Review | Depression and Other Magic Tricks by Sabrina Benaim

I have read my fair share of nineteenth and twentieth century poetry. I love Emily Dickinson, Langston Hughes, Edgar Allan Poe and Maya Angelou. But with that being said, for whatever reason, it’s just extremely rare that I ever read modern poetry by current authors. Maybe I just don’t want to take the risk. But I made an exception this time after seeing an extraordinary video of the author performing her poem “Explaining My Depression to My Mother.” I immediately came to Amazon to buy the book, and I even paid extra for same-day delivery. Somehow in my rush, I even managed to accidentally order two copies.

 

I would say that the tone of the book is kind of like a day in the life of a twenty-something millennial. She laments lost loves, the unreliability of her father, and the would-be helpful codependence of her mother.

 

I don’t know enough about the author to have any sense of how much of the book is autobiographical and how much of it is fiction, but it felt like there was a ring of personal truth in Benaim’s writing. I could personally relate to many of the themes in the book, especially those related to body issues related to eating/weight, as well as anxiety issues. Benaim tackles other difficult topics such as the divorce of her parents and, of course, depression.

 

One of the first things you might notice is the lack of capitalization and frequent lack of any punctuation whatever. I’m a bit of a grammar stickler, so I wasn’t sure how that was going to work for me, but soon enough I completely forgot about it.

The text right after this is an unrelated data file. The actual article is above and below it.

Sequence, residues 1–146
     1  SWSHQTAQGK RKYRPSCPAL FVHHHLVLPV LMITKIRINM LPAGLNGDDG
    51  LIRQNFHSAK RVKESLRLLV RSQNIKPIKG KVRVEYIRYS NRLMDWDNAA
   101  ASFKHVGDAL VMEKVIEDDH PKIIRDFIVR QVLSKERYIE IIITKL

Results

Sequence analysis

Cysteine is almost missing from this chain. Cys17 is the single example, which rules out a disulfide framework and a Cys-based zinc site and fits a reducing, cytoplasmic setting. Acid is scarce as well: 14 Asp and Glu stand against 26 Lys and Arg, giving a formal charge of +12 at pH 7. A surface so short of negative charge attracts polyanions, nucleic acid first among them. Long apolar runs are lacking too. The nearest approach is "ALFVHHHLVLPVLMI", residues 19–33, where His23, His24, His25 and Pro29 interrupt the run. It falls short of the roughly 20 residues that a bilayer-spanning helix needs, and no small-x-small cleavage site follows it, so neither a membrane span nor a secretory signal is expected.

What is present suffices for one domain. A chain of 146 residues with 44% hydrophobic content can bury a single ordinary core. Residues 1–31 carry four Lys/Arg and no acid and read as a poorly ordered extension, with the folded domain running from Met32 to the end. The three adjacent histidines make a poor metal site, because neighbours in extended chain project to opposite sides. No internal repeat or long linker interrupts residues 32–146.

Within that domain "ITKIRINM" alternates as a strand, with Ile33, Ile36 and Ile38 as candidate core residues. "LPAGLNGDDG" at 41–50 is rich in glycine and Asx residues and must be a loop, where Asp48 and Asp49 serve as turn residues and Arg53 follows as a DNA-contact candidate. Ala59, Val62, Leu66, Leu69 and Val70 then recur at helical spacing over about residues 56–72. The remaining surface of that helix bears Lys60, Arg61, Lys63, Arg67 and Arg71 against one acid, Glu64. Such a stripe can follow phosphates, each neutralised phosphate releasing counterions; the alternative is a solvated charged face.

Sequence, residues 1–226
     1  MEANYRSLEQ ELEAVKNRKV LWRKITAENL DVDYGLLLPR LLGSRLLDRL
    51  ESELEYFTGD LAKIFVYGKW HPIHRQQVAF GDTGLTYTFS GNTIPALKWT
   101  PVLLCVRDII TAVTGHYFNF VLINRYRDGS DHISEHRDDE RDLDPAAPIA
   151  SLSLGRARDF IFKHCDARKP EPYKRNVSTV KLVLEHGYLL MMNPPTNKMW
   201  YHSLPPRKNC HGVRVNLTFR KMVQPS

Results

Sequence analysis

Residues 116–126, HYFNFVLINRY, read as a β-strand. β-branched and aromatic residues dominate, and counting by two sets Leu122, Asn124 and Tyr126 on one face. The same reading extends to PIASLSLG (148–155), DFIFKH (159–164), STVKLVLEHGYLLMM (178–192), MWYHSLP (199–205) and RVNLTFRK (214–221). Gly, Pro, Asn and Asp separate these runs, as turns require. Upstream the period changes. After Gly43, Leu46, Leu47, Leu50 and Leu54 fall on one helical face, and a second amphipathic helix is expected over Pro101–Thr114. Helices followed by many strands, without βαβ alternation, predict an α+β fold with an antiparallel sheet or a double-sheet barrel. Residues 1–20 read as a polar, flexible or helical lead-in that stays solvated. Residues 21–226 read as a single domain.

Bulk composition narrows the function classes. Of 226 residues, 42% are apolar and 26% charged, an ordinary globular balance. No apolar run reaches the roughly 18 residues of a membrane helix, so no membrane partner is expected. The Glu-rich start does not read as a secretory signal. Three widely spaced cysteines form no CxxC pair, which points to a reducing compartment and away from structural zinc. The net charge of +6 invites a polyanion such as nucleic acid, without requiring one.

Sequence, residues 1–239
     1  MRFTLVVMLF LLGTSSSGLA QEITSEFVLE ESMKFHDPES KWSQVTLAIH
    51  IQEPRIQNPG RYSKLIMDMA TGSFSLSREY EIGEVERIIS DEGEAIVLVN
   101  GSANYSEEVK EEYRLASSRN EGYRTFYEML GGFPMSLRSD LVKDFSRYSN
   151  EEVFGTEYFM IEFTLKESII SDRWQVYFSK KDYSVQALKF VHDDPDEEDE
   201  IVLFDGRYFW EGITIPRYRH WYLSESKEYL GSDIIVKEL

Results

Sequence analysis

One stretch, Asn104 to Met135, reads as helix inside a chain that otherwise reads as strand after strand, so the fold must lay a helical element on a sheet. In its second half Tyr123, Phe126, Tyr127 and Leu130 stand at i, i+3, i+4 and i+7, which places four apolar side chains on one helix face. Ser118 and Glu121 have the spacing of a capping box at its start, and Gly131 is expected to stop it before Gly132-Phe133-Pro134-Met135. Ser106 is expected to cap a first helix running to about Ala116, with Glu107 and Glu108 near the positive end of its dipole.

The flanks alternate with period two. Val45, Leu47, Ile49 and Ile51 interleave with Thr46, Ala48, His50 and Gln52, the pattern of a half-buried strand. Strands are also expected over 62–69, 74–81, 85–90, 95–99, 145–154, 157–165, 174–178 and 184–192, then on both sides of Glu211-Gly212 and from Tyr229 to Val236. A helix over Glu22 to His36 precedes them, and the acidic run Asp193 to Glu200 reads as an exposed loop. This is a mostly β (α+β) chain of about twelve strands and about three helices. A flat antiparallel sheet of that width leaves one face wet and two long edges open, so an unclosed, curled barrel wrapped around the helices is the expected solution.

There were a few lines in particular that stood out to me as particularly shattering.

 

From nature versus nurture:

…when my father tells me i am beautiful,

i always hope it’s because i remind him of my mother.

 

From follow up a prayer / a spell:

when i look in the mirror i see a reflection

of the gifts i withhold from myself.

 

Final say: 5/5 stars, and I didn’t even have to think about it. I’m a fan. I’m sure I’ll come back to it many times. The content is good and the poetry itself is sharp. I really enjoyed living in her world for an hour or two, and I’ll buy her next book. And one final thing: I feel like I have to say kudos to whoever made that cover. It’s perfect.

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Thanks for reading! If you are so inclined, go pick up my book (available on Kindle or paperback) at Amazon. It’s called “Jamey Jones and the Sons of Noah.” It’s a fun science fiction book about a group of teenagers living on a planet called Kepler 438b. It’s seventy pages long, inexpensive, and it’s kinda good, even if I say so myself.  

Link: http://a.co/iMGFJUR

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